Book Review – Black Summer by @MWCravenUK @LittleBrownUK #BlackSummer

I was a little bit behind the times when I read The Puppet Show earlier this year. Thankfully, thanks to NetGalley, I’m more on the ball this time round. Before my review, here’s the blurb.


The Blurb

After The Puppet Show, a new storm is coming . . .

Jared Keaton, chef to the stars. Charming. Charismatic. Psychopath . . . He’s currently serving a life sentence for the brutal murder of his daughter, Elizabeth. Her body was never found and Keaton was convicted largely on the testimony of Detective Sergeant Washington Poe.

So when a young woman staggers into a remote police station with irrefutable evidence that she is Elizabeth Keaton, Poe finds himself on the wrong end of an investigation, one that could cost him much more than his career.

Helped by the only person he trusts, the brilliant but socially awkward Tilly Bradshaw, Poe races to answer the only question that matters: how can someone be both dead and alive at the same time?

And then Elizabeth goes missing again – and all paths of investigation lead back to Poe.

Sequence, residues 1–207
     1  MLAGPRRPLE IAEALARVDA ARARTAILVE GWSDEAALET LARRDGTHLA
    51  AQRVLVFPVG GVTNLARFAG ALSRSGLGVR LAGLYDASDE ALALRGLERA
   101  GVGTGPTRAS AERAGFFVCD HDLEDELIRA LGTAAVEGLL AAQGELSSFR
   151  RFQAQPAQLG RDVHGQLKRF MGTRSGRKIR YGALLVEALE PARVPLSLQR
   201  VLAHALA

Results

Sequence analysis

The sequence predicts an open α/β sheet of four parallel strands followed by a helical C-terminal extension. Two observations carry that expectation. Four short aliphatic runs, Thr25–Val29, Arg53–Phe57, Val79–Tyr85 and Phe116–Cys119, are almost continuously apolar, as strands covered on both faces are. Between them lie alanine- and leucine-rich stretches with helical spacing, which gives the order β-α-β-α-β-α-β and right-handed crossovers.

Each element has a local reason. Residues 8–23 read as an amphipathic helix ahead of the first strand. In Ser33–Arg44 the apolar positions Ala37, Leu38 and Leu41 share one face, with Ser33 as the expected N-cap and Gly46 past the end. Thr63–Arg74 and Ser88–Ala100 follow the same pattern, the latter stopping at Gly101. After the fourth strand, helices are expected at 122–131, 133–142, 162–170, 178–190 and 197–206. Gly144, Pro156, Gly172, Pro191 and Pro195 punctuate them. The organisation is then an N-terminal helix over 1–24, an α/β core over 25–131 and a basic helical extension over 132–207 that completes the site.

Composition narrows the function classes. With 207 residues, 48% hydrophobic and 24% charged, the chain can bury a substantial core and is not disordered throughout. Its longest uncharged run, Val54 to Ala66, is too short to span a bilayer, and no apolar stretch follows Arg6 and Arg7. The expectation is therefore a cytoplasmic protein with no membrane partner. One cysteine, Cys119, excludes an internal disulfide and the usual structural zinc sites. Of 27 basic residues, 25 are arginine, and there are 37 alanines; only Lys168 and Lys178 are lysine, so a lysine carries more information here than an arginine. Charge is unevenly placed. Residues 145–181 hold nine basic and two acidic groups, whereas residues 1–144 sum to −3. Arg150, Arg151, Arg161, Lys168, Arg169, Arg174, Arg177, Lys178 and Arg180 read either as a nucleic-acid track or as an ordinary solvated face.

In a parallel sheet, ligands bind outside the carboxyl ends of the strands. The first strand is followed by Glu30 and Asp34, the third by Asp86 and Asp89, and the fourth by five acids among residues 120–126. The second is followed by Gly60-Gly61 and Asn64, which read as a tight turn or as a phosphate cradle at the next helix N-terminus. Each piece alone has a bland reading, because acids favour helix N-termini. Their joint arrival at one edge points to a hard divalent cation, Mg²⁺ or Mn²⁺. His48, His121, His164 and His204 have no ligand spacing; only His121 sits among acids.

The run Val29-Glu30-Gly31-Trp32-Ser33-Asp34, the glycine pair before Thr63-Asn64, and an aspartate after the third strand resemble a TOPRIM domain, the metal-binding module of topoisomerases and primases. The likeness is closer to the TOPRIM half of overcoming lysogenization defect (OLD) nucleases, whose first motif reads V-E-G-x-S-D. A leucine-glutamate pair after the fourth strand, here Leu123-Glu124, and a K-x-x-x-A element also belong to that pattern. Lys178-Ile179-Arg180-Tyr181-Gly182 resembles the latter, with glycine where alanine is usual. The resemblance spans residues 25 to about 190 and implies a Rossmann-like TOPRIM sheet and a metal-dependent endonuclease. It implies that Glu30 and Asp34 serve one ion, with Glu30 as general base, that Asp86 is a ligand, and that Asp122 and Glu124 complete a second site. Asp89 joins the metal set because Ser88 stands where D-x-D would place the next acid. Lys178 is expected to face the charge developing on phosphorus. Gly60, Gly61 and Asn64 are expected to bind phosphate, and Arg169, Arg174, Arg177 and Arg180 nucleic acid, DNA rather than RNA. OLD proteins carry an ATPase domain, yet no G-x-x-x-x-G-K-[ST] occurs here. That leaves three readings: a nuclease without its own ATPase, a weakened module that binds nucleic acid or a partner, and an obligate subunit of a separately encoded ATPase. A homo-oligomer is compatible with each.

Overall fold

Kindle Edition

My Review

The Puppet Show left me reeling. It was brilliant but brutal. The Immolation Man was a savage killer and an unknown quantity. This time round, Detective Sergeant Washington Poe knows who’s responsible. At least he thought so until evidence proves otherwise. How can a supposedly dead woman come back to life six years later?

There’s a lot less gore in this novel but the plot does not suffer in any way. In fact, I found Black Summer even more compelling. It’s a proper mystery that appears insolvable. Even Tilly Bradshaw, Poe’s analyst colleague, is scratching her head over this one. There are plenty of curve balls in this story and I genuinely could not work it out. I love I was kept guessing to the very end.

Although this could be read as a standalone, I think it helped that I had read The Puppet Show earlier this year. It meant I was comfortable with Poe and Bradshaw as characters. Tilly’s quirkiness is totally endearing and I love how she and Poe bring out the best in each other. They make for a mischievous pairing and DI Stephanie Flynn’s exasperation with them both is evident.

Although the Cumbrian countryside is a main feature again, Storm Wendy makes an appearance too. The weather is ominously hot for a Cumbrian summer and the storm is brewing. Mike Craven times it well. The storm hits as the s**t hits the fan for Poe, elevating the tension to fever pitch.

The other thing that really intrigues me about this book is the title. Does Black Summer refer to the sky during the storm or the content of the story? No. It’s a truffle. And absolutely key to everything. And that’s the only clue I’m going to give you. You’ll have to read the book for yourself to find out the rest.

Roll on book 3 – The Curator – next summer!

You can buy Black Summer by clicking here.